Ngā Taonga Tuku Iho Episode 3: Tukuna Kia Rere


Heritage organisations like galleries, libraries, archives and museums (sometimes abbreviated to the GLAM sector) hold enormous amounts of mātauranga Māori in safekeeping. But that safekeeping can be a double-edged sword, when the people who want to access taonga don’t know where to start. Catalogues are not always easy to use, and just walking into an institution can be intimidating if you’ve never done it before. How do you find out where the item you’re looking for is being stored, or if it even exists?

Ngā Taonga Tuku Iho is a five-part online series about the practice of archiving taonga Māori. It was produced and directed by Kahu Kutia and funded by Te Papa Tongarewa. Host Khali Meari Materoa explores some of the cultural treasures held by Aotearoa New Zealand’s museums and galleries, and demystifies some of what goes on behind the scenes for aspiring researchers. Each episode focuses on a different heritage institution, and to make Episode Three, Khali and crew visited us at Ngā Taonga. She met with Maimoa Toataua-Wallace, a Kaitohutohu Mātauranga Māori – Mātauranga Māori Outreach Advisor, who spent the day showing her around the Archive. The following blog is by Maimoa, who writes first in te reo Māori then in English about the shoot and the taonga he and Khali shared.

Mai and Khali select a videotape from the vault. Photo by Renati Waaka

Ngā Taonga Tuku Iho rangitaki nā Maimoa

Kia whai ngako ai ki te ia o ēnei kōrero me hoki whakamuri au ki tōku whānautanga mai ki te ao tūroa i te tau 1998. I whānau mai au i raro i ngā rekereke o te maunga whakahī rā, a Taranaki, ā tāria te wā ka hūnuku tēnei ki te riu o Waikato, ka whai tūrangawaewae ki tōna kāinga, ki Kāwhia. Nāwai rā, nāwai rā kua heke whakararo mai tēnei ki Te Whanganui-a-Tara, hei Kaitohutohu Mātauranga Māori ki tētehi o ngā tūwāhi e kaha pupuri ana i ngā taonga nō te ao a ō tātou kaumātua, tūpuna, arā, ki Ngā Taonga Whitiāhua Me Ngā Taonga Kōrero.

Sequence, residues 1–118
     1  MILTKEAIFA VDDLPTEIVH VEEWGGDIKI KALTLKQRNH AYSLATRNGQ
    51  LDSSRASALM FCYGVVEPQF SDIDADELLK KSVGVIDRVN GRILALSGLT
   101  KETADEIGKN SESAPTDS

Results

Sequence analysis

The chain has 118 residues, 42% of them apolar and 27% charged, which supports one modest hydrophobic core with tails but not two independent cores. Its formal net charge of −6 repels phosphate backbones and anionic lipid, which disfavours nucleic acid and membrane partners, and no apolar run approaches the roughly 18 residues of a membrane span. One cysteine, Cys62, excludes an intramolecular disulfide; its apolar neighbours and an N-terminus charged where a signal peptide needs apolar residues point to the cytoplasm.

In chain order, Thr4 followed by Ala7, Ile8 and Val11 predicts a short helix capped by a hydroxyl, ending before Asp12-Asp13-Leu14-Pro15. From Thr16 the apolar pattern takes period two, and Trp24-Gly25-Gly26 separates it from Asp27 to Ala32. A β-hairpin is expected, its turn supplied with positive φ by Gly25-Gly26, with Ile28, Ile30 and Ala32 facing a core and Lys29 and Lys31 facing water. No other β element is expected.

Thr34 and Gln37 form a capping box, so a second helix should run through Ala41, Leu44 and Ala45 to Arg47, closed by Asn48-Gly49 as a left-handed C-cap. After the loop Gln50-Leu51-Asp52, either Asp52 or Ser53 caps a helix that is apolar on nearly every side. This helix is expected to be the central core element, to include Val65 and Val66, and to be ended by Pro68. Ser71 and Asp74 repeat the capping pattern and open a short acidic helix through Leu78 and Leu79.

I te taenga mai o Khali ki Pipitea kātahi anō te tāutuutu o ngā taonga. Te tāutuutu taonga mā te harirū, te kōrero, te whanaungatanga, te mātauranga, ka mutu ngā taonga whitiāhua hoki. Ko ētehi o ērā taonga he kura whākina hei whiua ki te rangi kia kitea e te ao, ko ētehi anō he kura huna hei mea pupuri, hei mea kaingākau.

I whakaatungia e māua ētehi whakaaturanga whakahirahira ki a māua anō. I whakaaturia e Khali tētehi whakaaturanga Waka Huia o Reporua, tōna kāinga. Taku mīharo ki te whakarongo ki ngā kōrero mō tēnei whenua haumako me ngā kōrero a ōna kaumātua. I whaakaturia e au tētehi taonga whitiāhua o te whakatūwheratanga o tōku wharenui ki Waipapa, a Taku Hiahia i te tau 1990.

I reira hoki te mahi a te kaumātua o aua wā rā, pērā i a Te Arikinui Te Atairangikaahu, a Nanny Huamānuka Pikia, a Koro Rua Cooper, a Koro Pumi Taituha, ko te nuinga o rātou kua whetūrangitia, rātou mā te hunga rongonui mō ō rātou mōhiotanga, mātauranga, kōrero tuku iho.

Khali between takes. Photo by Renati Waaka

E kōnatunatu nei te ngākau ki te whakaatu i tēnei taonga, anō nei he kanohi taiaha. E rua kē ngā taha o te taiaha nei. Ko tētehi taha e meatia nei taku korenga i te whakatūwheratanga o tōku wharenui, tē taea te whakarongo ki ngā karakia me ngā kōrero a ngā kaumātua, ka mutu ko taku korenga ki te pōwhiri mai i ngā manuwhiri ki mua i taku wharenui. Koia nei ngā take i noho pātata tēnei whakaaturanga ki te whatumanawa. Ko tērā atu taha o te taiaha e tute nei i taku whiwhinga nui ki te mātakitaki i ēnei rangi whakahirahira, ahakoa taku tamōtanga – kua āhei taku titiro anō ki ēnei taonga, kua tūhura hoki te ara kia tohaina, kia whakamahara i te motu i ēnei taonga ā rātou.

Ko tētehi o ōku tino aronga ki tēnei mahi ko te tomonga. He take nui kia tomongia e ngā whānau, hapū, ngā iwi, me Aotearoa whānui ki o rātou ake taonga – kia whai mōhiotanga hoki mō ngā taonga nei. I ngā mohoaotanga, i ngā nohoanga tawhiti o ngā whānau ki tāwāhi rānei, ka noho tonu nei ngā kohinga hei hononga mā rātou e noho tawhiti atu, kia tūhono mai anō. Mō te wāhanga ki a Ngā Taonga he whāinga hei anga whakamua te tomonga o ngā taonga ki te tūmatanui. Kei ngā ringaringa o ngā kaipupuri o nāianei ngā kō hei keri i ngā huarahi mō ngā iwi kia tūhono mai anō ki a rātou taonga. Mā ngā kaupapa pērā i a Utaina me Rokirokitia e kitea nei te whakatinanatanga o ēnei hiahia.